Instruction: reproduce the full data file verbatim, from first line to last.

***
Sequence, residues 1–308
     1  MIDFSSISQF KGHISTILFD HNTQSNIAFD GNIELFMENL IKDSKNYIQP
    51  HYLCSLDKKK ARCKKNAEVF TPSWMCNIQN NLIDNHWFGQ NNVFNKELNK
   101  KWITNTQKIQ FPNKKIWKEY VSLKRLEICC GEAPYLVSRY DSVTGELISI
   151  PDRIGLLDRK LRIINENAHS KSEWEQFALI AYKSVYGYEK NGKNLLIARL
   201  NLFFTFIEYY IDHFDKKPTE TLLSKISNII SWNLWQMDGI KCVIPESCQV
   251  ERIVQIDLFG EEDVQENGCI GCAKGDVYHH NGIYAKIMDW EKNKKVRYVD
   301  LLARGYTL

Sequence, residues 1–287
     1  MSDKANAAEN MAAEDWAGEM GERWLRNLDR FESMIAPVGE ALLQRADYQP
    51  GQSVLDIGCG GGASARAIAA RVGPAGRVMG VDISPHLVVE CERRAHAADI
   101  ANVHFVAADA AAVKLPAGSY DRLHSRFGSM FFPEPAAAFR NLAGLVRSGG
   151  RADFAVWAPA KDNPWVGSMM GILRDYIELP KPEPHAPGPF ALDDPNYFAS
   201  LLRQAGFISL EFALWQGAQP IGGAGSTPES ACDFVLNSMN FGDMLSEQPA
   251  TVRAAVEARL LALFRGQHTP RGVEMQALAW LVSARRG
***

Sequence, residues 1–308
     1  MIDFSSISQF KGHISTILFD HNTQSNIAFD GNIELFMENL IKDSKNYIQP
    51  HYLCSLDKKK ARCKKNAEVF TPSWMCNIQN NLIDNHWFGQ NNVFNKELNK
   101  KWITNTQKIQ FPNKKIWKEY VSLKRLEICC GEAPYLVSRY DSVTGELISI
   151  PDRIGLLDRK LRIINENAHS KSEWEQFALI AYKSVYGYEK NGKNLLIARL
   201  NLFFTFIEYY IDHFDKKPTE TLLSKISNII SWNLWQMDGI KCVIPESCQV
   251  ERIVQIDLFG EEDVQENGCI GCAKGDVYHH NGIYAKIMDW EKNKKVRYVD
   301  LLARGYTL

Sequence, residues 1–287
     1  MSDKANAAEN MAAEDWAGEM GERWLRNLDR FESMIAPVGE ALLQRADYQP
    51  GQSVLDIGCG GGASARAIAA RVGPAGRVMG VDISPHLVVE CERRAHAADI
   101  ANVHFVAADA AAVKLPAGSY DRLHSRFGSM FFPEPAAAFR NLAGLVRSGG
   151  RADFAVWAPA KDNPWVGSMM GILRDYIELP KPEPHAPGPF ALDDPNYFAS
   201  LLRQAGFISL EFALWQGAQP IGGAGSTPES ACDFVLNSMN FGDMLSEQPA
   251  TVRAAVEARL LALFRGQHTP RGVEMQALAW LVSARRG